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How Confident Are You That What You Are Reading is True?

on Thursday, February 23 2017. Posted by Rabbi Efrem Goldberg

In his book “Other People’s Money and How Bankers Use It,” Supreme Court Justice Louis Brandeis famously wrote, “Publicity is justly commended as a remedy for social and industrial diseases. Sunlight is said to be the best of disinfectants.” Shining a spotlight on an issue can expose and reveal corruption, dishonesty, fraud or abuse that otherwise might go unnoticed, ignored, or even excused.  Brandeis wrote these words well before the Internet was a thought in anyone’s mind and he likely could not have even dreamt of the sunlight it would shine and the accountability it would generate.

The capacity for instant access to information also makes us better informed, allows us to think more critically, and empowers us to ask crucial questions that make us safer, healthier, and stronger.  If you want to know more about your doctor’s education, read reviews of your landscaper, or see what your child’s teacher posts on Facebook, the endless information is now just a click away.

Brandeis was absolutely correct.  Sunlight is indeed a great disinfectant.  The internet has sanitized our world in wonderful ways by holding people accountable for their behavior, choices, actions, positions, and writings.  But what Brandeis didn’t mention is that unfiltered sunlight can also be harmful, toxic, and cause cancer.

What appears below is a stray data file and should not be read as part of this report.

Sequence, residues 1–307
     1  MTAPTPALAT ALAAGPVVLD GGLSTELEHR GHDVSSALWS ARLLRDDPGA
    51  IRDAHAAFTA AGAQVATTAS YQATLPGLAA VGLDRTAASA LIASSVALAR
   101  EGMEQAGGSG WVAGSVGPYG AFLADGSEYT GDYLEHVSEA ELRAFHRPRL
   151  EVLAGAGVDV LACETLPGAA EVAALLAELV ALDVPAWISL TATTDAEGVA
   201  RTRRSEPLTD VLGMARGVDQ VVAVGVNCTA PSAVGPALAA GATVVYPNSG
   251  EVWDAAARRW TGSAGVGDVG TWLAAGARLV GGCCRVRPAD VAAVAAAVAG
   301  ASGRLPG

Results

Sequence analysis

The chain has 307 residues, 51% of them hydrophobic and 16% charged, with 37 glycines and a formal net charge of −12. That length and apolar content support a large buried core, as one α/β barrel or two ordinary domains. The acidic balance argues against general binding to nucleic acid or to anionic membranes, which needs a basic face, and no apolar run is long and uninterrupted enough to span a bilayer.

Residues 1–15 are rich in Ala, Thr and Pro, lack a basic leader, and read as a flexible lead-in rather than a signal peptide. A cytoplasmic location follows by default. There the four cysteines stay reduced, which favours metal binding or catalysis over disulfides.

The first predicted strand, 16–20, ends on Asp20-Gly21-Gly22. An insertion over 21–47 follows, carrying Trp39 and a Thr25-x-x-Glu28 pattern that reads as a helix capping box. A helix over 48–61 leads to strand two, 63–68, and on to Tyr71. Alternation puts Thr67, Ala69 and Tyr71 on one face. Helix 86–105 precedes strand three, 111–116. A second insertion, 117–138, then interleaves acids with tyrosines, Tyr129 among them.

There has never been a greater vehicle to disseminate lashon ha’rah, gossip and slander, than the internet.  Lives have been literally destroyed because of false accusations, innuendo, distortions, and untruths.  Once upon a time thoughts, ideas, and opinions were only printed if they had merit and were deemed worthy and carefully screened by a publisher.  Journalists had to vet their stories and fact checkers confirmed all assertions before an article went to print.  While the system wasn’t perfect, the result was authors gained credibility and readership based on their education, expertise, experience, and peer review.

Today, anyone with internet access can publish his or her ideas and opinions and even his or her version of facts with no expertise or credentials and with no consequence or accountability.  Readership and popularity are often a function of salaciousness and sensationalism, not truth and accuracy.

In his book, The Death of Expertise: The Campaign Against Established Knowledge and Why it Matters, Thomas M. Nichols elucidates this concept: People are now exposed to more information than ever before, provided both by technology and by increasing access to every level of education. These societal gains, however, have also helped fuel a surge in narcissistic and misguided intellectual egalitarianism that has crippled informed debates on any number of issues. Today, everyone knows everything: with only a quick trip through WebMD or Wikipedia, average citizens believe themselves to be on an equal intellectual footing with doctors and diplomats. All voices, even the most ridiculous, demand to be taken with equal seriousness, and any claim to the contrary is dismissed as undemocratic elitism.